HUD Secretary Ben Carson on Wednesday unveiled a major overhaul of the rental-housing system, proposing to increase the share of rent that low-income households must pay before receiving assistance and allow public housing authorities to impose work requirements.
The proposal to reshape the way HUD helps 4.5 million people meet their rent is part of a broader Trump administration push to link anti-poverty programs to employment.
Carson — who often refers to his own up-from-nothing life story as a parable for the poor and said last year that poverty is “a state of mind” — has long called on HUD to focus on helping people get off assistance, rather than expanding the benefits it provides.
The current system, Carson said on a conference call with reporters, creates “perverse incentives, including discouraging these families from earning more income and becoming self-sufficient.”
Rental assistance recipients currently spend about 30 percent of their adjusted income on housing, with subsidies picking up the rest. Under the proposal HUD is sending to Congress, recipients would have to contribute 35 percent of their gross income or 35 percent of their income from working 15 hours a week at the federal minimum wage.
Public housing agencies — and owners, in the case of project-based assistance — would be able to establish minimum work requirements for recipients, excluding people over the age of 65 and the disabled.
Meanwhile, tenants’ incomes would be verified less frequently — once every three years, instead of annually — to “encourage renters to increase their income without adversely impacting assistance for up to three years,” Carson said.
Three rental assistance programs comprise about 80 percent of total HUD appropriations: Section 8 tenant-based rental assistance, including the Section 8 Housing Choice Vouchers; Section 8 project-based rental assistance; and public housing.
Under the proposal, some of the poorest tenants would see their rents triple. Every non-elderly, non-disabled household would have to pay a minimum of $150 a month in rent. Right now, the minimum amount for the Section 8 Housing Choice Voucher program and public housing is $50.
One of the reasons the administration has given for overhauling the assistance is that as rental costs continue to rise, more and more of HUD’s budget is eaten up helping the same number of families.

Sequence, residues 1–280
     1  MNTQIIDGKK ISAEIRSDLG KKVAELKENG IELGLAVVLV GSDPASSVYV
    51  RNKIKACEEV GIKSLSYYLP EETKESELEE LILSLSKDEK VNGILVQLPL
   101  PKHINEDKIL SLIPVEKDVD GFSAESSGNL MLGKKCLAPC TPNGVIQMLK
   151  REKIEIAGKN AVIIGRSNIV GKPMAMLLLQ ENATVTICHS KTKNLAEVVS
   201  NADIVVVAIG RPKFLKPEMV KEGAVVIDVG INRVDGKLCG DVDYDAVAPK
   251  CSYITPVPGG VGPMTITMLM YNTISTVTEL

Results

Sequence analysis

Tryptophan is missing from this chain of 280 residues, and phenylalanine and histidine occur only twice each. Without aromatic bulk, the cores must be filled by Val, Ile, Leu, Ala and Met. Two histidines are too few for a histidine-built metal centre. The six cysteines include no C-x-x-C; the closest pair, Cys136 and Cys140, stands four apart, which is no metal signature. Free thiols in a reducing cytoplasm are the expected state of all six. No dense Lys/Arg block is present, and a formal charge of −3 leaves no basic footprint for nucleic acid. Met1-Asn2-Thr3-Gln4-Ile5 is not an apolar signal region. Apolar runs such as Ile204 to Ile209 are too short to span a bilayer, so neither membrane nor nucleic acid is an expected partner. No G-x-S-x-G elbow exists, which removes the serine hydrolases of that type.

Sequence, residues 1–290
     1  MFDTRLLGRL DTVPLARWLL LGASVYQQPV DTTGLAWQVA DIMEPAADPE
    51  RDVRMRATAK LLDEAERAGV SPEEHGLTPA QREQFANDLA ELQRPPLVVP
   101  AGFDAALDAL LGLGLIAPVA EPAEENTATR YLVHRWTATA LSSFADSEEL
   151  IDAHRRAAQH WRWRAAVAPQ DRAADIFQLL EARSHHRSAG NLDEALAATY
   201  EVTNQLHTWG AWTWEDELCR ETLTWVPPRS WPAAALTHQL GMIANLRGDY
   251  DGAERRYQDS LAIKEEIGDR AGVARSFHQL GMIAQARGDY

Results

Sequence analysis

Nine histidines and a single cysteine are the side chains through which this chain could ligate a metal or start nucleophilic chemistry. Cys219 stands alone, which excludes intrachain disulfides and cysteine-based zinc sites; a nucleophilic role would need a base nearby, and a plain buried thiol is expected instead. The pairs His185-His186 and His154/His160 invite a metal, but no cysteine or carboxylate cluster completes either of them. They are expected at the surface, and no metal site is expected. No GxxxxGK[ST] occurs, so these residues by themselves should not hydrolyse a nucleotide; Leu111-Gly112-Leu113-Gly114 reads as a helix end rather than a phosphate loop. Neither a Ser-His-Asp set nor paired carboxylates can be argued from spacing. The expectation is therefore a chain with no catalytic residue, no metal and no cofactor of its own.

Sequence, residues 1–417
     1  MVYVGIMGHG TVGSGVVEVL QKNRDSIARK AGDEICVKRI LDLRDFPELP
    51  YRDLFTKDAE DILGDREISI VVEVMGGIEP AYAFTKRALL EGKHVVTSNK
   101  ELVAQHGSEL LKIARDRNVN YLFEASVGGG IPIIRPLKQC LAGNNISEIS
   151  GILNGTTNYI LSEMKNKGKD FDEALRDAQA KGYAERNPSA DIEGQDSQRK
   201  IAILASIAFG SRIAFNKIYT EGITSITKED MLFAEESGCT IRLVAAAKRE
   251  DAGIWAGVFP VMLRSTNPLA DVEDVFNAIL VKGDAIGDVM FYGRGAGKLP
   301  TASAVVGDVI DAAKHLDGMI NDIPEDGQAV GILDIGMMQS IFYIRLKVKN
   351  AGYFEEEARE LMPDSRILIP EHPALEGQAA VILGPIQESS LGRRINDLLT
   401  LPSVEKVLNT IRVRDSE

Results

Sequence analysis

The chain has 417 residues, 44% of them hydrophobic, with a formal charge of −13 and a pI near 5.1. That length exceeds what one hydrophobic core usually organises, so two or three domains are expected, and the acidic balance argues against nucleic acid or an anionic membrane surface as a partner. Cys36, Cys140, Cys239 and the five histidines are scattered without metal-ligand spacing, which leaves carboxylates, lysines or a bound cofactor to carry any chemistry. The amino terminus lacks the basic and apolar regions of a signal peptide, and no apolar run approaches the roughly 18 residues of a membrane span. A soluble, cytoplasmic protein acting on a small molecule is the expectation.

“Every year, it takes more money, millions of dollars more, to serve the same number of households,” Carson said on the call. “It’s widely accepted that only 1 in 4 families who need and actually qualify for assistance [actually receive it] …It’s clear that from a budget perspective and from a human point of view, the current system is unsustainable.”
A 2013 study by Harvard’s Joint Center for Housing Studies found that only 24 percent of eligible households receive assistance.
Yet housing advocates condemned the Carson plan, saying it would add to the burdens of the poor.
“Despite claims that these harmful proposals will increase ‘self-sufficiency,’ rent hikes, de facto time limits, and arbitrary work requirements will only leave more people without stable housing, making it harder for them to climb the economic ladder,” said Diane Yentel, president and CEO of the National Low Income Housing Coalition, in an emailed statement.
“Proposing these changes under the guise of saving the government money, just months after giving massive tax breaks to wealthy people and corporations, is the height of cruel hypocrisy,” Yentel said.
To be sure, the chances that Congress will take up and pass the measure in the six months left before the midterm elections are slim. Lawmakers so far have rejected the Trump administration’s efforts to cut HUD’s funding: The fiscal year 2018 omnibus included a nearly 10 percent boost to the department’s budget, including increased funding for programs the White House sought to cut.
Still, the overhaul announced Wednesday, a joint project with the White House budget office, is the latest in a series of Trump administration moves to rein in anti-poverty programs.
President Donald Trump this month signed an executive order directing federal agencies to “do everything within [their] authority to empower individuals by providing opportunities for work, including by investing in federal programs that are effective at moving people into the workforce and out of poverty.”
The Centers for Medicare & Medicaid Services, meanwhile, this year started allowing states to mandate employment for certain Medicaid recipients, and House Republicans included a food stamp work requirement in a package of proposals for the 2018 farm bill this month.